And so the Halo debate gathers further momentum as the first 2018 cars are unveiled.
Difficult to tell from the images but, on the face of it, the black Haas Halo blends reasonably well into the car -- or should that be, into the crafty charcoal background -- whereas the Williams version in white sticks out like the sore thumb it undoubtedly is. But as mentioned before, it's here to stay whether we like it or not.
Williams technical chief Paddy Lowe isn't necessarily making excuses for the Halo when he says "by the second race nobody will notice it any more". Perhaps not the second race, but certainly by Abu Dhabi in November when, if the coming season is like any other, the fuss over the Halo's undeniable ugly appearance will have been buried beneath any number of issues that are waiting to ignite social media.
More significant is Lowe's assertion that the intention of the Halo is to deflect chunks of debris rather than the wayward spring that struck Felipe Massa such a potentially devastating blow. Is it fair to ask 'Why not?' and cite the aeroscreen tested (briefly) by IndyCar?
In theory, a screen would do the business in the case of small objects but the Indycar test (and the positive but largely uninformed hype generated in social comment) has actually muddied the waters at this stage. These are early days in the screen's development, much as it was when F1 investigated the so-called Shield and rejected it.
IndyCar's first on-track test of windscreen prototype
Four-time Verizon IndyCar Series champion Scott Dixon tested the windscreen prototype at the ISM Raceway in Arizona.
This was explained during an FIA briefing at the Hungarian Grand Prix last July. Laurent Mekies, the safety delegate and F1 deputy race director, went to great lengths to detail the comparison tests between the Halo, the shield and other devices such as roll bars in front of the cockpit.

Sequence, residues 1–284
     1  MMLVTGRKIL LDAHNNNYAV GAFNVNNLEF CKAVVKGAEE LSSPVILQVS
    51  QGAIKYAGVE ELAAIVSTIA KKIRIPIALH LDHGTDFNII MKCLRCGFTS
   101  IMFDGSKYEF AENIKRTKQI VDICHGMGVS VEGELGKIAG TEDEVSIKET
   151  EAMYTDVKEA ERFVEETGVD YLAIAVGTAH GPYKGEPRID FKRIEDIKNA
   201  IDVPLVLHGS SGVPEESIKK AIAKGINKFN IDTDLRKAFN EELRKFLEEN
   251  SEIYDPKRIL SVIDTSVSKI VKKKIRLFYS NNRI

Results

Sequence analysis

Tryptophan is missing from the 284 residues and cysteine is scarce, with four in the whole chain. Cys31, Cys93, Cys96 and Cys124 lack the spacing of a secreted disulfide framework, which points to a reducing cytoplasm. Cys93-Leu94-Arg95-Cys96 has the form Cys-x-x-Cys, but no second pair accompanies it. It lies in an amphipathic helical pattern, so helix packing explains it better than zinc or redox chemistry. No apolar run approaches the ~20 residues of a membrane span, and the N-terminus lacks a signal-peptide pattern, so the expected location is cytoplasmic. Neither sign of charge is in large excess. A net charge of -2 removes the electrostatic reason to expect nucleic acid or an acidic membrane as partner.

On the evidence available at the time, the Halo came out (no pun intended) on top. Since the teams were desperate to get on with their 2018 designs, a decision had to be made -- with 'let's wait a bit longer' not being an option given the FIA's public commitment to offering protection in what Lowe describes as "the biggest remaining risk in Formula One to the drivers".
It's no surprise, then, that Mekies should now be talking about reducing the thickness of the Halo's 20mm central strut. This is not, as has been suggested, a knee-jerk reaction, but part of the on-going process outlined in Hungary. The reduction will improve visibility, but that is not to say the strut is a hazard in the first place. The only visual offence is aesthetics since drivers will apparently quickly forget it's there, much as you do windscreen wipers.
In any case, the FIA is observing IndyCar's progress with the aeroscreen and the hope has to be that it works sufficiently well to encourage change in F1 -- albeit some way down the road now that the Halo route has been chosen.
The most telling comparison for the moment is that the Halo is ready to race -- and potentially save lives -- whereas the aeroscreen, despite early enthusiasm, is not.